Need some inspiration? Check out some examples of compelling subject lines they shared for end-of-year fundraising success.
Tip #3—Put your donation page to work
Another place to get a quick win for online fundraising is your donation page. Do you know your donation page conversion rate? It's the percentage of page visitors who complete their donation. If you don't, get that info now! We'll wait.
Increasing your conversion rate is a big ol' guarantee that you'll get more money. How to do it? Test new layouts, images, or calls to action. Also, consider customizing the donation page so it features the appeal you’re currently running—this'll provide a seamless experience for donors, so they're giving before they know it.
Tip #4—Make the ask juuust right
Did you know that the ask amount in your donor appeal letters can impact the amount of money you raise? Meaning, if the ask is too low or too high, it'll affect your fundraising success.
Next time, segment donors by their last gift amount and increase your ask slightly. If you're sending emails, increase the ask by %; for physical mail, increase by specific $ amount. And test, test, test! Your reply device and online giving form will allow you to find an ask amount that’s juuust right.
Want a fool-proof way to make sure you're maximizing your donation asks? Use Funraise's Wealth Screening tool to determine a donors capacity to give before you make the ask. Think of it as fundraising fortune-telling, but without the crystal ball.
Tip #5—Make giving easy peasy
Real talk—it’s time to stop losing donations to a terrible giving experience. We already talked about testing your donation page in Tip #3, but beyond that, step into your donors' shoes and look for ways to improve the whole giving experience from start to finish.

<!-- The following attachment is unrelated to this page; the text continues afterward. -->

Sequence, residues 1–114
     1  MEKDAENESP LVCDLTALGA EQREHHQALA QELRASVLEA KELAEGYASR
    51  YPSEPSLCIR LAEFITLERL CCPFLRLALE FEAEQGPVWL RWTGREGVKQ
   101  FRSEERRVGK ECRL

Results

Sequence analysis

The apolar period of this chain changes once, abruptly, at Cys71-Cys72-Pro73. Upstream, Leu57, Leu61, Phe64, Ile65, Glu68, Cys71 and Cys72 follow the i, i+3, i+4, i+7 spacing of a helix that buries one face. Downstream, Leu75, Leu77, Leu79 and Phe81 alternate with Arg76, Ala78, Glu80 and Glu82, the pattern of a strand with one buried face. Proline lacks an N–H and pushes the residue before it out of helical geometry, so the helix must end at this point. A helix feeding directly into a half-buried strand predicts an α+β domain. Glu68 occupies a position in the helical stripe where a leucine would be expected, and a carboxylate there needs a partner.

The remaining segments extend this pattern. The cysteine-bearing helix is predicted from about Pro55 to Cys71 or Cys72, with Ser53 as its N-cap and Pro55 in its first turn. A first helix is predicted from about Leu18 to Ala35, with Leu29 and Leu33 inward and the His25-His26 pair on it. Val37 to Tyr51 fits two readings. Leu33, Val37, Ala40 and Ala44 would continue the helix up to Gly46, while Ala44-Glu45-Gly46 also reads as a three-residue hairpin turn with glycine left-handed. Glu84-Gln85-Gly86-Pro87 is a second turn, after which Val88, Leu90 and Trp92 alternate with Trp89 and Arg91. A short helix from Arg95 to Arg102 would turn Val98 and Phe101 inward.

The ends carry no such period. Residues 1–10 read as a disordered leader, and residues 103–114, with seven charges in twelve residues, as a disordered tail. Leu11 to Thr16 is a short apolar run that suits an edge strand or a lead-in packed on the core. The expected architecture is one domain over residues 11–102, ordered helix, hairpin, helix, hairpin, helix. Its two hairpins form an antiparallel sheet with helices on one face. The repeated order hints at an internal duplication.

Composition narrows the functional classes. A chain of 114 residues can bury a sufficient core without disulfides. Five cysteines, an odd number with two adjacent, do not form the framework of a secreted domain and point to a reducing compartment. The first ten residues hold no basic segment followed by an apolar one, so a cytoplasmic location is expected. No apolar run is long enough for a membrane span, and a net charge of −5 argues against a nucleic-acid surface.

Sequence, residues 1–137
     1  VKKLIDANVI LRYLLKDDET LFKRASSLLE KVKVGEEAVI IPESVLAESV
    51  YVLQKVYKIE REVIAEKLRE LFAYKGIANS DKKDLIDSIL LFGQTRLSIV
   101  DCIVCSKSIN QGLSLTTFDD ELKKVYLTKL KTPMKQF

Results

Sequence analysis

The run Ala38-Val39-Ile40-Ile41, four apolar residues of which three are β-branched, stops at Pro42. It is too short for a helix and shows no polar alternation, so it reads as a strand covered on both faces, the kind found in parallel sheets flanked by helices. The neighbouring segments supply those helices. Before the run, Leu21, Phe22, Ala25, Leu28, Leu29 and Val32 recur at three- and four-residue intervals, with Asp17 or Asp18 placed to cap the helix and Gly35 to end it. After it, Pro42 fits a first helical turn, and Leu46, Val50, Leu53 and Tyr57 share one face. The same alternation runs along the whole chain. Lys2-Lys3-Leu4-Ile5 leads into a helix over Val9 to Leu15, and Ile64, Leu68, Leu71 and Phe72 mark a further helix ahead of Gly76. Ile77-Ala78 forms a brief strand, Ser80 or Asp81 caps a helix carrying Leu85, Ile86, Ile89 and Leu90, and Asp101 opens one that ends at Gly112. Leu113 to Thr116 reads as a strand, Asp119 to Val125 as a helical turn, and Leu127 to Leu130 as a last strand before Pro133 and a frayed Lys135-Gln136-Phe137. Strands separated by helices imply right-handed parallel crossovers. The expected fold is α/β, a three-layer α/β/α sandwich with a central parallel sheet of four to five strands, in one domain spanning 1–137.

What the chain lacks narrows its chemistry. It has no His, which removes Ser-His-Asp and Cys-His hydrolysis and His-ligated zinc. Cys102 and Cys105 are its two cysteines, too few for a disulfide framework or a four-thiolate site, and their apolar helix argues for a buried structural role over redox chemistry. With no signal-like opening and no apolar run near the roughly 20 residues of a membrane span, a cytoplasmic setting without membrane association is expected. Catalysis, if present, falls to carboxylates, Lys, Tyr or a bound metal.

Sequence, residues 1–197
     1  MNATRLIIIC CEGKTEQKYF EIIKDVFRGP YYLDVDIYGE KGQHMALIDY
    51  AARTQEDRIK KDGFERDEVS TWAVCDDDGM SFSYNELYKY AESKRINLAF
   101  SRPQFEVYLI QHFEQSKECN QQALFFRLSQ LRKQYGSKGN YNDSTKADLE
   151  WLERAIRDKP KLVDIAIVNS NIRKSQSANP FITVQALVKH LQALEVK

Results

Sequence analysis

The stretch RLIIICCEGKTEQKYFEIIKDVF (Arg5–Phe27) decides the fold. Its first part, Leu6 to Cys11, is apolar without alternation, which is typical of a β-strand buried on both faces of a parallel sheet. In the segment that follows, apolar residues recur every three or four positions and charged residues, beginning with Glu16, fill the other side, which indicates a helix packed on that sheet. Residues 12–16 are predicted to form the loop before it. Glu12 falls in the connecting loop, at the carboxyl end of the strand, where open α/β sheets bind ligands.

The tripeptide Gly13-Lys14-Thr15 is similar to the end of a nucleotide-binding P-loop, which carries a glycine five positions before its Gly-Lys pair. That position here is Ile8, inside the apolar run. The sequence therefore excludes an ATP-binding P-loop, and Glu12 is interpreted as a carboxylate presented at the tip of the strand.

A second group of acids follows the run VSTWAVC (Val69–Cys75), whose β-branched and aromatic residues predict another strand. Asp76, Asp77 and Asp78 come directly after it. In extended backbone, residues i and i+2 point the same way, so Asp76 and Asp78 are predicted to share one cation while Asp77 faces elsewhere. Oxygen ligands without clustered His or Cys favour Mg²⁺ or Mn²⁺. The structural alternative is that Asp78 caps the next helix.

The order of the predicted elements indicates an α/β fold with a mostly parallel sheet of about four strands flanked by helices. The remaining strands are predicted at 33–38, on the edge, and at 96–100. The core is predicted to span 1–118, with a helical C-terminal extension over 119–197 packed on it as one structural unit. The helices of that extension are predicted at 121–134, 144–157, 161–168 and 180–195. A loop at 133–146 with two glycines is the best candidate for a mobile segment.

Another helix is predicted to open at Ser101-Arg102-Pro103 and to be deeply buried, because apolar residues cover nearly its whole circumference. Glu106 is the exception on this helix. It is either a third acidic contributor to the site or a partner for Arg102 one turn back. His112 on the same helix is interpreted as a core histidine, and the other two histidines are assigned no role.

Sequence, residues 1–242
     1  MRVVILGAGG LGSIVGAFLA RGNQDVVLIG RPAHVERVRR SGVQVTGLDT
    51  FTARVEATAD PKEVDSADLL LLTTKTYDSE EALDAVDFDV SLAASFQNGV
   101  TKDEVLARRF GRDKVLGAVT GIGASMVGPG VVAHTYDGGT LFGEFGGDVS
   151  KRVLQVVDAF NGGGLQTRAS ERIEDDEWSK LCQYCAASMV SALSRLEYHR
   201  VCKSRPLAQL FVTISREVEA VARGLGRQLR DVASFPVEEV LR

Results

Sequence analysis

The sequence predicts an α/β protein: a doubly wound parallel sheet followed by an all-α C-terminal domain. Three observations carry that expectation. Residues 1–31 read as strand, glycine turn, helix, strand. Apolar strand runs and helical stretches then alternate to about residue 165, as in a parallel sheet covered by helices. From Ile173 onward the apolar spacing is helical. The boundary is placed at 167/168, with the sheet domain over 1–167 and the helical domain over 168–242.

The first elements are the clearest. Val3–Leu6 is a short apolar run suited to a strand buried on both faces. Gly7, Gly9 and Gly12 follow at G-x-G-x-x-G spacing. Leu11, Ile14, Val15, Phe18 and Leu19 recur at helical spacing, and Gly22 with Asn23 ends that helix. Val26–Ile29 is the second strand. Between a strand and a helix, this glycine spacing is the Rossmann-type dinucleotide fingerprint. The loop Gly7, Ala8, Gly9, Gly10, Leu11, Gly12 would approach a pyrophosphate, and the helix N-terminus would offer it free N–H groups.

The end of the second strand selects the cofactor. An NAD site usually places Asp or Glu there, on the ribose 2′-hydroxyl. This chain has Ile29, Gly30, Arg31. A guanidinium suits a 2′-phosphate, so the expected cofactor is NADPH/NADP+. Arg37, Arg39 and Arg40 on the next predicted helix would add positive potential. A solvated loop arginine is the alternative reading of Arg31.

Make it mobile friendly, easy to navigate, easy to read, and easy to use. And remember to focus solely on getting people to donate when they visit your donation pages. Often called squeeze pages, this is an opportunity to funnel donor activity into dollars. Don't ask visitors to watch a video, check out case studies, or read a long block of text. They should be focused on donating. One more time for those in the back... no newsletter sign-ups, no social media feeds, no links to your CEO's bio. Keep it simple: Donate Now.
Tip #6—Make it multi-channel
Fundraising friend, we know you put in a lot of work, so why not put that appeal to work for you and make it multi-channel? If you wrote a direct mail letter, turn that letter into an email and a few social media posts. If you have a crowdfunding campaign, be sure to tell your whole community about what’s going on; don’t wait for them to magically find your campaign. You could even take your appeal live to any of your live social streams and do it telecast-style!